CVSE officers are responsible for enforcing licence classes, restrictions, endorsements and vehicle safety. (Google Street View file)

CVSE officers are responsible for enforcing licence classes, restrictions, endorsements and vehicle safety. (Google Street View file)

CVSE enforcing vehicle safety in Cranbrook

Be sure you have the proper licensing when towing a work or holiday trailer.

  • Jun. 30, 2020 12:00 a.m.

There has been an abundance of Commercial Vehicle Safety and Enforcement (CVSE) officers patrolling the streets of Cranbrook in recent weeks and some local drivers have reported being ticketed for not having the proper licensing required for their specific vehicle. In some cases, drivers have been ticketed while driving a company vehicle.

Drivers in British Columbia are responsible for ensuring that they have proper licensing to tow trailers and drive commercial vehicles. Many trucks and trailers require the driver to have a heavy trailer endorsement or otherwise upgraded licensing.

CVSE officers are responsible for enforcing licence classes, restrictions, endorsements and vehicle safety. If your trailer or vehicle is overweight and you don’t have the proper driver’s licence or endorsement, you could receive a ticket. The same goes for a list of other driving requirements including having proper winter tires, if your vehicle is deemed unsafe, or if your vehicle requires an inspection. CVSE enforcement personnel have the authority to enforce any Motor Vehicle Act regulations.

A spokesperson for the Ministry of Transportation and Infrastructure explained in an email to the Townsman that both drivers and companies are equally responsible for ensuring that the driver has the correct class of license. Ultimately however, the onus falls on the driver of the vehicle.

The same goes for violations on commercial vehicles, if a the driver of a commercial vehicle is found to be in violation, the driver is the one who gets the ticket – not the company who owns the vehicle. It could affect your safety rating when getting or renewing insurance.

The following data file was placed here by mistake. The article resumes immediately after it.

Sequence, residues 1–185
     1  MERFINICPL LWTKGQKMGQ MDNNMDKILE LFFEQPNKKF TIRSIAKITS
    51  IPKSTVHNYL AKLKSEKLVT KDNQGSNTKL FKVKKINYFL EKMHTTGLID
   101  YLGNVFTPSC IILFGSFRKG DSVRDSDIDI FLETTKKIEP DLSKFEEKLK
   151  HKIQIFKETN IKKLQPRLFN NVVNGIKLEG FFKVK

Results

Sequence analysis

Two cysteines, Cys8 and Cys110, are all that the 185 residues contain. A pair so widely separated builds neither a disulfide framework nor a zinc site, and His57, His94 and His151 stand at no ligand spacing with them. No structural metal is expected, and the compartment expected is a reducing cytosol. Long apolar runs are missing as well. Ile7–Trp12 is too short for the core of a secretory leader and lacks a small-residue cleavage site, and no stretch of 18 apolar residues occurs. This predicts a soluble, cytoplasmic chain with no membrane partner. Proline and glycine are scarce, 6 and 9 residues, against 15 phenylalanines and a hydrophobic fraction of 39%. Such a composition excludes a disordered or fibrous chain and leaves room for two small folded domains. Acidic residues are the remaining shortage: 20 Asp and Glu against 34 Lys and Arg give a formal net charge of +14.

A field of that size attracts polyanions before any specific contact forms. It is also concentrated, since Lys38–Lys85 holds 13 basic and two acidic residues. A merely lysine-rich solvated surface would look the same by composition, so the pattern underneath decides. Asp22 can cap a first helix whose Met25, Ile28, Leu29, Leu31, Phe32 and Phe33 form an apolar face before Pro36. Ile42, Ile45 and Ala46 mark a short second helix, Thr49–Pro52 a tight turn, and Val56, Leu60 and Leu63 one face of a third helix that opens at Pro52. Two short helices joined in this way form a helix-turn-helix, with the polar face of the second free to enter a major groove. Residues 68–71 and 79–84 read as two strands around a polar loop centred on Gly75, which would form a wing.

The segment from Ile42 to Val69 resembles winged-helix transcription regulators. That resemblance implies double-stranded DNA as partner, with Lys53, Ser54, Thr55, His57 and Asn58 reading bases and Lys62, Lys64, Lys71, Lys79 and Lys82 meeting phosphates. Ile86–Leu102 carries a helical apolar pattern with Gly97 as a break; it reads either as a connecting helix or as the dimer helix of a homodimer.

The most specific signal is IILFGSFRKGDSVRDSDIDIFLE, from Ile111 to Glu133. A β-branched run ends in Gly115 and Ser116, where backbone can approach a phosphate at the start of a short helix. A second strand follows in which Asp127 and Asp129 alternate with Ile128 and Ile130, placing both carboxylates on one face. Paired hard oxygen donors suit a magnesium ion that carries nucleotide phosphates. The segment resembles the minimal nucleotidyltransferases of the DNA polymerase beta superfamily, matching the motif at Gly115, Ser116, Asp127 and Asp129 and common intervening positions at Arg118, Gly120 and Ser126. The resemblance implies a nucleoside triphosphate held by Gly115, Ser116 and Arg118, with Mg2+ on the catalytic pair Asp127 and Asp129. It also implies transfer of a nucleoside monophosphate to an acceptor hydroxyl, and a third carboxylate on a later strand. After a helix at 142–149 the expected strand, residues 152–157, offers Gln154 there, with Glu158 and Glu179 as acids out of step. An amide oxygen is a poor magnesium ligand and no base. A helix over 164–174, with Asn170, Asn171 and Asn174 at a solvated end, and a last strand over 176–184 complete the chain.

“If they [the driver] does not hold the correct class of license, the driver could be issued a violation,” said the Ministry spokesperson. “If a driver of a commercial motor vehicle is issued a safety violation ticket and found guilty, the violation ticket will also impact the carrier’s record and be part of determining the carrier’s safety rating.”

The Ministry of Transportation and Infrastructure says that each driver is responsible to ensure they have the proper licence class, restriction and/or endorsements. In other words, anyone driving a company vehicle needs to be properly licensed or endorsed.

Drivers can also easily be overweight while towing holiday trailers. According to ICBC’s website, anyone with a class 4, 5 or 7 driver’s licence who is towing a trailer that weighs more than 4,600 kg is required to have a heavy trailer endorsement or upgraded licence. Not only that, but in the event of an accident you might not be covered.

“If a trailer weighs 4,000 kg when empty you may tow the trailer with a Class 4, 5 or 7 license. However, once you load the trailer with food, water and/or other items, the gross vehicle weight may exceed 4,600 kg,” says ICBC.

The Ministry of Transportation adds that generally, RV’s have the weights posted on them or are available from the manufacturer.

“Restrictions and endorsements are issued by ICBC,” explained the Ministry. “They indicate what is permitted or not permitted for each specific restriction.”

As the ICBC website states, “if the weight of the trailer and contents exceeds 4,600 kg and the driver does not have the correct driver’s licence or licence endorsement, the driver isn’t legally licensed to operate that vehicle combination.

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“Similarly, if the towing vehicle or the trailer has air brakes, and the driver doesn’t have the correct driver’s licence or licence endorsement, the driver isn’t legally licensed to operate that vehicle combination. It’s the responsibility of the driver to ensure they have the appropriate licence for the vehicle they’re driving. Without the appropriate licence class, drivers could be in breach of their insurance in the event of an accident.”

There are a few options for upgrading Class 4 or 5 licences. The first option is to apply for a house trailer endorsement, which allows drivers to tow recreational house trailers of any weight appropriate for the vehicle. The second option is to apply for a heavy trailer endorsement, and the third is to qualify for a Class 1, 2 or 3 commercial vehicle licence.

The ICBC website has a fact sheet that includes information on towing a trailer that weighs more than 4,600 kg. There is also information on the website that explains how to upgrade your licence, including study materials for testing. For more information visit www.icbc.com. The Ministry of Transportation and Infrastructure website also has information for those with recreational vehicles and towing trailers. To find out more visit gov.bc.ca.


corey.bullock@cranbrooktownsman.comLike us on Facebook and follow us on Twitter

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